Tennis Elbow

Joint Replacement

Tennis Elbow

Dr. Himanshu Gupta and his team have extensive experience treating Tennis elbow and other sports ailments. We have successfully treated numerous patients with it by providing comprehensive and tailored care.

What exactly is Tennis elbow?

Tennis elbow is a sort of sports injury that is more common in persons who play tennis frequently, hence the name. The tendons in the elbow region are strained or injured, resulting in acute elbow pain. In most cases, it is caused by overuse of the elbow tendons as a result of repetitive movement of the forearm and wrists when playing sports. It is also evident in those who work in occupations that need them to do repetitive arm movements. People who are frequently influenced by Tennis elbow are: Tennis players, painters, plumbers, carpenters.

What are the Most Common Tennis Elbow Causes?

Tennis elbow is caused by injury to your arm's tendons, which connect your muscles to your elbow bone. It is a painful condition caused by repetitive arm and wrist movements that lead to inflammation of the tendons of the elbow. When muscles are flexed repeatedly, they experience constant strain. This causes a tearing or rupture of the forearm's connective tendons. Tennis elbow can be caused by the following activities: tennis, typing, painting, weight lifting, meat cutting, and knitting. Tennis elbow can also be caused by a recent elbow injury from a fall or an accident.

What are the signs and symptoms of Tennis elbow?

  • Pain and tenderness in and around your elbow.
  • Radiating pain towards upper and lower arm.
  • Swelling around the elbow.
  • Pain while holding and gripping objects.

What Are the Tennis Elbow Risk Factors?

Tennis elbow can occur at any age, but it is most frequent in people between the ages of 30 and 50.

Occupation: People who work with their arms repeatedly, such as painters, plumbers, and carpenters, are more likely to acquire Tennis elbow.

Sports: Participating in sports, particularly those involving repeated hand movements, such as tennis or badminton. Tennis Elbow can also be caused by improper use of sports equipment and improper athletic techniques.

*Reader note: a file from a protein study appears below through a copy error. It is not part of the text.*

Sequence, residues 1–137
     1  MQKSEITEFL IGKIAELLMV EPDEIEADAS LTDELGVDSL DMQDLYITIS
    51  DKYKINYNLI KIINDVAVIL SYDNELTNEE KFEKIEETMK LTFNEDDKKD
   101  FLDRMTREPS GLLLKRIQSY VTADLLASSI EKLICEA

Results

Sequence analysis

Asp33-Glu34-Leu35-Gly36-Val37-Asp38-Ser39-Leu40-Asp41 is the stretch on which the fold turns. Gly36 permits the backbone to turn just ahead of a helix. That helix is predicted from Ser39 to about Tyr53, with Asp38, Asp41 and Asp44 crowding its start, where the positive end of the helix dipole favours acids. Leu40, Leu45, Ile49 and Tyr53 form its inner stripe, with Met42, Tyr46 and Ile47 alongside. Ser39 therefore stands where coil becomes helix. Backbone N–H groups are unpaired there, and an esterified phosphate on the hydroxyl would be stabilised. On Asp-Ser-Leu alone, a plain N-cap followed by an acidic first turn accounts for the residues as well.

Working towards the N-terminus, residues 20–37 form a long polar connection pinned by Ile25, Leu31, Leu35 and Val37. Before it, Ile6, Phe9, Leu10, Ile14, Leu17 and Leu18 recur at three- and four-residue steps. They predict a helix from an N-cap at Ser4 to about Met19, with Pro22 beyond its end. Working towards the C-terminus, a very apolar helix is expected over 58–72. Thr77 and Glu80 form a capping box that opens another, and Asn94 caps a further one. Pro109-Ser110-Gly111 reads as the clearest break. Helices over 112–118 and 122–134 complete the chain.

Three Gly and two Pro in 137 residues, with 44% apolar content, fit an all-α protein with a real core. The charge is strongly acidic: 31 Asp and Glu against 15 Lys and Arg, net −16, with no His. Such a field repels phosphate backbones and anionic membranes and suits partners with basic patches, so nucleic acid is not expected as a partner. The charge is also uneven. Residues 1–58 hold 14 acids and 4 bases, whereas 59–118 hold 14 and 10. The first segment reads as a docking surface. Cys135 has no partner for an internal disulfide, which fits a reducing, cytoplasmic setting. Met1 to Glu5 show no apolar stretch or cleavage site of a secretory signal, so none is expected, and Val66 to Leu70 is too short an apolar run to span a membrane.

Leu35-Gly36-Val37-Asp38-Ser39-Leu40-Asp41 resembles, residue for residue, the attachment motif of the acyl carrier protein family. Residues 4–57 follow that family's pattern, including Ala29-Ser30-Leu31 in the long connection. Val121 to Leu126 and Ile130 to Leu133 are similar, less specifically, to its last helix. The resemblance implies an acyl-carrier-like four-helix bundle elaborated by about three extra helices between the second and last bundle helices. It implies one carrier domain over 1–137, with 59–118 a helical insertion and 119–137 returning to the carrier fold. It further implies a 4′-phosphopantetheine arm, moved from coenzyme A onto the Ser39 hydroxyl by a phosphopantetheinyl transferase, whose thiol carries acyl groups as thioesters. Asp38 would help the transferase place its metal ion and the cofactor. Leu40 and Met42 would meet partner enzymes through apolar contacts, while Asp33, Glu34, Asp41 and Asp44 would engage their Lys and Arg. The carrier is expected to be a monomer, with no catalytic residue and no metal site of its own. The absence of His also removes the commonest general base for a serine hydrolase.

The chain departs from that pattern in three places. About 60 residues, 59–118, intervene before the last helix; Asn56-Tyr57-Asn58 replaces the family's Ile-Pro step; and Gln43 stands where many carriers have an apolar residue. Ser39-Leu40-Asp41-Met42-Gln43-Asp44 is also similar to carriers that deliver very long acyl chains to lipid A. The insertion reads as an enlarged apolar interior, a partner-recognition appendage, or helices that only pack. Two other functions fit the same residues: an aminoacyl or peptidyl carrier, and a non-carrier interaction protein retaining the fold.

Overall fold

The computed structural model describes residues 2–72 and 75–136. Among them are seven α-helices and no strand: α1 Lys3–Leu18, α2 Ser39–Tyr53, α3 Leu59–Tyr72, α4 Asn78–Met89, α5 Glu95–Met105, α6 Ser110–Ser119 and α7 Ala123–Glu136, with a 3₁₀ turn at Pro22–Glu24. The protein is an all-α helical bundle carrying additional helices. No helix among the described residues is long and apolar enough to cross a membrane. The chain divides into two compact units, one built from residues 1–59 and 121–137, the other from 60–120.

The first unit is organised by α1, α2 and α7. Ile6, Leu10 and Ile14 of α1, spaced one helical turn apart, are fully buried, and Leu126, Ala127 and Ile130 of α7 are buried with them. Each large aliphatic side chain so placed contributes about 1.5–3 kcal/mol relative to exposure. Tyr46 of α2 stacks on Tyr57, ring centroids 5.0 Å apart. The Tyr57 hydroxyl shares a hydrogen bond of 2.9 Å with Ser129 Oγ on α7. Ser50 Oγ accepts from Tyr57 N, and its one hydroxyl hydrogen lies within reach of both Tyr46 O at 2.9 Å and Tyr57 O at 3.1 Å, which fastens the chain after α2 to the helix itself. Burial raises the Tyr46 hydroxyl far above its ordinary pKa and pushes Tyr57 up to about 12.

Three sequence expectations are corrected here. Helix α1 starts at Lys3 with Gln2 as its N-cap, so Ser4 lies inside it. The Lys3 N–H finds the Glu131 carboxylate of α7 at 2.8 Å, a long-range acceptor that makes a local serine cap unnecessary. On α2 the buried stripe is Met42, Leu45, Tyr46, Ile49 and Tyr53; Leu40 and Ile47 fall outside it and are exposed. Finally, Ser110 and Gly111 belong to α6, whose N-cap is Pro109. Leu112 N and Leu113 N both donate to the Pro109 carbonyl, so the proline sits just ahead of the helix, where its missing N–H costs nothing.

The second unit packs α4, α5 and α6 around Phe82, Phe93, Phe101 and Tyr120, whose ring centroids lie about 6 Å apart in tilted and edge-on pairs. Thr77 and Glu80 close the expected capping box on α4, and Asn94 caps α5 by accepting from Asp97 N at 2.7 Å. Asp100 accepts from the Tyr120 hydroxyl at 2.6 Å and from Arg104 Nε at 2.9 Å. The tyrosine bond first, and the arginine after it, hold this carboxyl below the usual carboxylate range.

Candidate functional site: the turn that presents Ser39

How is tennis elbow diagnosed?

Your doctor can identify tennis elbow in its early stages by looking for symptoms and asking specific questions. The doctor will apply pressure to the problematic area during the physical examination and will ask you to move your arms, wrist, and fingers in various directions. Your physical examination and medical history will frequently be sufficient to diagnose tennis elbow. To see the injuries and rule out any additional conditions that might be present, your doctor might occasionally recommend additional diagnostic testing. The diagnostic tests suggested for tennis elbow include:

  • X-rays
  • Ultrasound
  • MRIscan
  • CTscan

How is tennis elbow managed?

Tennis elbow is a mild condition that can be managed at home with self-care and arm rest. It's encouraged to see a doctor if self-care measures don't work. The doctor might advise one of the following therapies for you, depending on the degree of the injury:

Pain relief – Icing the elbow helps relieve pain and swelling.

Medication: Non-steroidal anti-inflammatory medicines (NSAIDs) including ibuprofen and aspirin can aid with swelling and pain management.

Physical treatment and massage therapy_ doing certain exercises can help to alleviate elbow stiffness and promote flexibility.

Elbow bracing: Using an elbow strap will protect the tendons from further tension.

Tennis Elbow Surgery: If non-surgical treatment does not relieve your symptoms, orthopaedic surgery is recommended. Tennis elbow surgery removes the injured section of the tendon to relieve pain and allow you to move your elbow more freely. There are two types of operations used to treat Tennis elbow: open surgery and arthroscopic surgery. Click the link below to learn more about Tennis elbow surgery.

What Should You do Next?

Make an appointment with one of our specialists right now for prompt care. Make sure you are aware of the answers to the following questions before scheduling your appointment:

  • When did your symptoms start to show up?
  • Do you use any medications right now? If so, what kind are they?
  • Do you suffer from a nerve disorder?
  • Does your job frequently need you to move your arms?
  • Are you an athlete? What kind of sports do you play, if any?